Chip Off the Old Block
Mini-organ technologies are on the rise, but could analytical approaches hold the key to supercharging their potential?
Steven Wilson | | Opinion
Organoids and organ-on-a-chip technologies represent two potential game-changers in the study of human biology. The former are three-dimensional tissue models derived from primary tissues, embryonic stem cells or induced pluripotent stem cells, while the latter are miniature organs that are grown in or introduced into a microfluidic device, allowing for the real-time tracking of responses to a given stimulus.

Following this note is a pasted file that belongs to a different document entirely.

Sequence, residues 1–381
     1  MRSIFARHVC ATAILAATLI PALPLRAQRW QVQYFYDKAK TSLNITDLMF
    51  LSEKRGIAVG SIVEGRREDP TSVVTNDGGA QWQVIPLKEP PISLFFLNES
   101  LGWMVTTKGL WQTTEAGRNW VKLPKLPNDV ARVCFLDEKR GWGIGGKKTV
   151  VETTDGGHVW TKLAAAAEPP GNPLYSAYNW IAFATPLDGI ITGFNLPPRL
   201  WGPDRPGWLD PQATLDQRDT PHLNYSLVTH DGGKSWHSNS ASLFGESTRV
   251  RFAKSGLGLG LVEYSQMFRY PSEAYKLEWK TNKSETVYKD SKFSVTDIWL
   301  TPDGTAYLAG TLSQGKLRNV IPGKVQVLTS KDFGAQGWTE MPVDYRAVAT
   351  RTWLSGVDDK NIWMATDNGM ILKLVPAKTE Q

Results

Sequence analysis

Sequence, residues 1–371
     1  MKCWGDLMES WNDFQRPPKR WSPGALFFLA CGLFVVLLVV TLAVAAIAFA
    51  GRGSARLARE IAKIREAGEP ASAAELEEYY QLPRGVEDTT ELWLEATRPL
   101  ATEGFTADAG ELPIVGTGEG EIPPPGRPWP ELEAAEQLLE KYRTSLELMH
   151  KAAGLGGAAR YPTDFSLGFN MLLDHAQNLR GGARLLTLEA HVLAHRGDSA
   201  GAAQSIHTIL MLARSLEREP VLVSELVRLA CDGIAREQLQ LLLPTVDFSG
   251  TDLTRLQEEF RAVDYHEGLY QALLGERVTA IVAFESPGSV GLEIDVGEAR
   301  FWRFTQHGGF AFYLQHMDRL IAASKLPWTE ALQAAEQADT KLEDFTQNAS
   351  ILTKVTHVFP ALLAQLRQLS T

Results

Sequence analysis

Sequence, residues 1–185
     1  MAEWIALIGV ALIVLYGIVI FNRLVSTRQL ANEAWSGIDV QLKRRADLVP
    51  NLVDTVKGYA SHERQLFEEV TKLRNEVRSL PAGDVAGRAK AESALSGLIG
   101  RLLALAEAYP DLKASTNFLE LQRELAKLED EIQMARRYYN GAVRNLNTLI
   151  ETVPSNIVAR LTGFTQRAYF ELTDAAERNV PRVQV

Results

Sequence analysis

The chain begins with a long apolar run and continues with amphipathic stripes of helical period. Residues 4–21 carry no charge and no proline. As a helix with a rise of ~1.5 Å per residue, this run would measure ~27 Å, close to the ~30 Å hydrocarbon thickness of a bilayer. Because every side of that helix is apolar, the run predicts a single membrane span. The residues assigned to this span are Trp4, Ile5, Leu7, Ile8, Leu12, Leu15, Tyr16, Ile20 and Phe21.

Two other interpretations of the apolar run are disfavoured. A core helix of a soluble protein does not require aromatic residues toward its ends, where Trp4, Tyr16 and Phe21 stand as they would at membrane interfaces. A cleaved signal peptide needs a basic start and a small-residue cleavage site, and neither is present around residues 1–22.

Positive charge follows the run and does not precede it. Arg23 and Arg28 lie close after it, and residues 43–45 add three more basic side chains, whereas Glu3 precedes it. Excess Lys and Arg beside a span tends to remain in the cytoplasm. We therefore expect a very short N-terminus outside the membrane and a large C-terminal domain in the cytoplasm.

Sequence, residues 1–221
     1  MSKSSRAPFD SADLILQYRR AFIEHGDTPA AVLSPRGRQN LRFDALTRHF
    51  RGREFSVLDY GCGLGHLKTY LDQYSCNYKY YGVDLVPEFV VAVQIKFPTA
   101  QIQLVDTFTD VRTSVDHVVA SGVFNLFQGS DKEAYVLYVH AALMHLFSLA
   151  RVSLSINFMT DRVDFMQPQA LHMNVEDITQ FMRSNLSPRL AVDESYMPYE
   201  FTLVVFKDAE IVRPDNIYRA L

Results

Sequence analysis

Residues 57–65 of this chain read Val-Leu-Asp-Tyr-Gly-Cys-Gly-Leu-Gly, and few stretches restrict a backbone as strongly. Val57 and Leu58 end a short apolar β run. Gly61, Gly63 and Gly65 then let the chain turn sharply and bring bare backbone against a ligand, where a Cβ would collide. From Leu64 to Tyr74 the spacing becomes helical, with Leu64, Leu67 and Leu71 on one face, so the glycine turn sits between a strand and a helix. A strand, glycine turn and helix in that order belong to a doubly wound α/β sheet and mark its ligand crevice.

Not only are these developments conceptually exciting, but they’re also emerging as important tools in drug development. Animal models are often not accurate predictors of human physiology, and so preclinical success is not necessarily indicative of subsequent success in humans, which results in anticlimactic results, lost time and wasted money. Here, organoids and organ-on-a-chip technologies serve as important complementary techniques.
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